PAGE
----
Services will honor Boynton Robinson

Published 11:13 pm Saturday, August 29, 2015

Civil rights icon Amelia Boynton Robinson will be remembered during several services in the coming weeks.

The first will take place Saturday, Sept. 6 at Tabernacle Baptist Church. Boynton Robinson will lie in state from 9 until 11 a.m. A memorial service will begin at 11 a.m.

The next day, her funeral will take place in Tuskegee. She will lie in state at Tuskegee University’s chapel from 10 a.m. until noon. A memorial service there will begin at noon.

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Then on Tuesday, Sept. 8, there will be a “homecoming celebration” at the foot of the Edmund Pettus Bridge at 1 p.m.

Boynton Robinson was one of 600 people to march on what has become known as Bloody Sunday. She was gassed and beaten unconscious. Images of her being carried from the Edmund Pettus Bridge were published in newspapers across the world, galvanizing support for the Selma to Montgomery march and the Voting Rights Act of 1965.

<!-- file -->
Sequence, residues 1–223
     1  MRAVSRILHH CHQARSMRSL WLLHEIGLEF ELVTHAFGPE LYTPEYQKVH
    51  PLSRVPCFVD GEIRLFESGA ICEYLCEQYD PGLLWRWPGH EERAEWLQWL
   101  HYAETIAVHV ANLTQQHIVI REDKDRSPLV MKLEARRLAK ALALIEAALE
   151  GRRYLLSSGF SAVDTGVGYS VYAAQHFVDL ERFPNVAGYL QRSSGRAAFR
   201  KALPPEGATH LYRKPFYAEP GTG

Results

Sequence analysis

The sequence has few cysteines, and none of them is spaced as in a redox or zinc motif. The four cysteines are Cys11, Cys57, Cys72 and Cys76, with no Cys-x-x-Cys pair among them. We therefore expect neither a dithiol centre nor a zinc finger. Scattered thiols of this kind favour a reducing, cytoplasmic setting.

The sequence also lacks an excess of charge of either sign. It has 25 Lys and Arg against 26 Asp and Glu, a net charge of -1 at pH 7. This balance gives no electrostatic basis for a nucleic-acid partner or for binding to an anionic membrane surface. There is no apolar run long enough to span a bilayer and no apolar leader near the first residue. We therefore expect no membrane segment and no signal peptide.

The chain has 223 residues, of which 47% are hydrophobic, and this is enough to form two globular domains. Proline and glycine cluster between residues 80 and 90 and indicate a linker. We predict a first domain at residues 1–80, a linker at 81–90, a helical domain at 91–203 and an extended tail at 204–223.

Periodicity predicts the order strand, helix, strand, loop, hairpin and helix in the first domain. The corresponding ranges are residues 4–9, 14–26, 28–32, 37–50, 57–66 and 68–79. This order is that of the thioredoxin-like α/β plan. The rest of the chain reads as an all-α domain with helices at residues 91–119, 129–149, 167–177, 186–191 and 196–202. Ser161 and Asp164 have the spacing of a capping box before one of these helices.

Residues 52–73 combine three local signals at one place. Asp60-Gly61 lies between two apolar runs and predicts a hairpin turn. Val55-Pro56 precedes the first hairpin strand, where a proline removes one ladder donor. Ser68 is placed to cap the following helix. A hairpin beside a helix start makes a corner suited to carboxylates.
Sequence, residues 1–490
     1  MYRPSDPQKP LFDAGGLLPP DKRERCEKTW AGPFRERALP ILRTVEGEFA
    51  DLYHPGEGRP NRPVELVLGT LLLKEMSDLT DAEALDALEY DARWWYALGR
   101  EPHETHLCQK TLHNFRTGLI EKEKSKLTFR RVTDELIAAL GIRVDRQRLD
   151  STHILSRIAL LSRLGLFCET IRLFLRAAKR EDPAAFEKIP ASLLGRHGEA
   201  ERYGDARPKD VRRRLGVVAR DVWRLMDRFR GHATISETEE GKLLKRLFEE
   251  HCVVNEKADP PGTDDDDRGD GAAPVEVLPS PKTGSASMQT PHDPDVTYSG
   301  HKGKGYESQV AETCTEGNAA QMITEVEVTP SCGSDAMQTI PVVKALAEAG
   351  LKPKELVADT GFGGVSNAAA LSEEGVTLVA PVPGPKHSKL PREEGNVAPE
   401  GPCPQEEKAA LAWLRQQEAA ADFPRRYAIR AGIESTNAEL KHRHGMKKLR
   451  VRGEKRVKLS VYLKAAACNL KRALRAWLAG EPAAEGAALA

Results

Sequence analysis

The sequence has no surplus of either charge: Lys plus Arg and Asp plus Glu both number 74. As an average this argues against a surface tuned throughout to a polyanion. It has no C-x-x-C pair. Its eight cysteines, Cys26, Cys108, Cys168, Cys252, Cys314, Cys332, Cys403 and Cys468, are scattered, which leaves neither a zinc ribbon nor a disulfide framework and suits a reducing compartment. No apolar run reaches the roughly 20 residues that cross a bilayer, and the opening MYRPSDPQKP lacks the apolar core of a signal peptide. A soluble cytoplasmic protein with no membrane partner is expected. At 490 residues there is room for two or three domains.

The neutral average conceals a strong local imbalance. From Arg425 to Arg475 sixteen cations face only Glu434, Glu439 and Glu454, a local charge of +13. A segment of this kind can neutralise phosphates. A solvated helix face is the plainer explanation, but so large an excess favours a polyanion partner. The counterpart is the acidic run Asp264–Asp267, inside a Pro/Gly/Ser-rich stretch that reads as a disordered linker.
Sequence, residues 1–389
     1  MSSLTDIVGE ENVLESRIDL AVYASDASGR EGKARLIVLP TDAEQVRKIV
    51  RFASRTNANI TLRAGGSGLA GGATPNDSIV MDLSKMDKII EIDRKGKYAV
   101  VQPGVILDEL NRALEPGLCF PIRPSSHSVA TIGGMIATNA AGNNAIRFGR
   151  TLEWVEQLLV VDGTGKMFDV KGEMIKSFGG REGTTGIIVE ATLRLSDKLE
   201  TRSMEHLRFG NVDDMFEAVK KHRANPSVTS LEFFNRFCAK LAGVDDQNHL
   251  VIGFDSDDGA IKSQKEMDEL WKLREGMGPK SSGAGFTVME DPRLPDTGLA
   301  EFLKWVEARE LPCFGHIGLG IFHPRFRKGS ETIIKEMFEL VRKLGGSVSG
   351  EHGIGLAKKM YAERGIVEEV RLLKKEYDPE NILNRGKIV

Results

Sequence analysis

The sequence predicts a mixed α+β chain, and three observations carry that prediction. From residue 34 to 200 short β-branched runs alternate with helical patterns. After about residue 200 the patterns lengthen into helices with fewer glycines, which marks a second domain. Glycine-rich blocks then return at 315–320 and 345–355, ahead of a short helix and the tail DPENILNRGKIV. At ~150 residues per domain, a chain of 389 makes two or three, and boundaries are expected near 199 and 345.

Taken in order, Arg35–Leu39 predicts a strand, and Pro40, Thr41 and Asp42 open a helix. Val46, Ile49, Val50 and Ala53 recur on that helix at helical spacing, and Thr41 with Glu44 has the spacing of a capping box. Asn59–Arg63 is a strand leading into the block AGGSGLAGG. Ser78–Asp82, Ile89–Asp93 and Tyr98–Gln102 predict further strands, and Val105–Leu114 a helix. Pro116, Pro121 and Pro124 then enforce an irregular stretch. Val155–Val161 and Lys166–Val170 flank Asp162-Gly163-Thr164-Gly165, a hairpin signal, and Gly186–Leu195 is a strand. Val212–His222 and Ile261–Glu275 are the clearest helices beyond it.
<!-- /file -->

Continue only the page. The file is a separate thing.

Boynton Robinson was born Aug. 18, 1911, in Savannah, Ga. to George and Anna Platts.

After graduating from Tuskegee Institute (now Tuskegee University), she moved to Selma with Sam, settling in a home on Lapsley Street.

A registered voter since 1932, she fought to make sure everyone had the same right to participate in the political process.

After Sam’s death in 1963, Boynton Robinson continued fighting for the cause and was one of the Courageous Eight, who invited Martin Luther King Jr. and Southern Christian Leadership Conference to Selma.

In 1964, Boynton Robinson became the first black woman to run for Congress in Alabama.

Almost five months to the day after being beaten on the Edmund Pettus Bridge, Boynton Robinson was invited to Washington, D.C. to see President Lyndon B. Johnson sign the Voting Rights Act on Aug. 6, 1965, giving everyone, regardless of their skin color, the right to vote.

Boynton Robinson attended President Barack Obama’s State of the Union address in January as Selma native and U.S. Rep. Terri Sewell’s guest of honor.

A few weeks later, Boynton Robinson crossed the Edmund Pettus Bridge with Obama and U.S. Congressman John Lewis for the 50th anniversary of Bloody Sunday.

She is survived by her son Bruce Boynton and granddaughter Carver Boynton.

The Selma events are being coordinated by Faya Rose Sanders and Catrena Norris Cater. They can be reached at (205) 266-0304 or